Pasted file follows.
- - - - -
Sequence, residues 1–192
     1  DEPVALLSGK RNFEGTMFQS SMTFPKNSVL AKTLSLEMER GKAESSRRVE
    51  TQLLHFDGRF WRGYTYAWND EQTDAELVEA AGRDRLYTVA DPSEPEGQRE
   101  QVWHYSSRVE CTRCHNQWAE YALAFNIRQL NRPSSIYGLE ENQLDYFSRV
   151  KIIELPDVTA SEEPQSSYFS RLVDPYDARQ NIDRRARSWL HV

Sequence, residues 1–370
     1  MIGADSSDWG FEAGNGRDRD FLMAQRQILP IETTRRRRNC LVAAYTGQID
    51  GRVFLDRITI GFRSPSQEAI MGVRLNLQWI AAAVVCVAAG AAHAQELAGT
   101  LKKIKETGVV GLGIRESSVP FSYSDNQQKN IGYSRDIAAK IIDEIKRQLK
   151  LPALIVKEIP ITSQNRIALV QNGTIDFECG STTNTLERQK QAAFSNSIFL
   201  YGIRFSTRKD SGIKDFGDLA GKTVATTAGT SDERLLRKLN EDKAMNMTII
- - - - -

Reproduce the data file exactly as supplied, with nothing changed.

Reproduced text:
Sequence, residues 1–192
     1  DEPVALLSGK RNFEGTMFQS SMTFPKNSVL AKTLSLEMER GKAESSRRVE
    51  TQLLHFDGRF WRGYTYAWND EQTDAELVEA AGRDRLYTVA DPSEPEGQRE
   101  QVWHYSSRVE CTRCHNQWAE YALAFNIRQL NRPSSIYGLE ENQLDYFSRV
   151  KIIELPDVTA SEEPQSSYFS RLVDPYDARQ NIDRRARSWL HV

Sequence, residues 1–370
     1  MIGADSSDWG FEAGNGRDRD FLMAQRQILP IETTRRRRNC LVAAYTGQID
    51  GRVFLDRITI GFRSPSQEAI MGVRLNLQWI AAAVVCVAAG AAHAQELAGT
   101  LKKIKETGVV GLGIRESSVP FSYSDNQQKN IGYSRDIAAK IIDEIKRQLK
   151  LPALIVKEIP ITSQNRIALV QNGTIDFECG STTNTLERQK QAAFSNSIFL
   201  YGIRFSTRKD SGIKDFGDLA GKTVATTAGT SDERLLRKLN EDKAMNMTII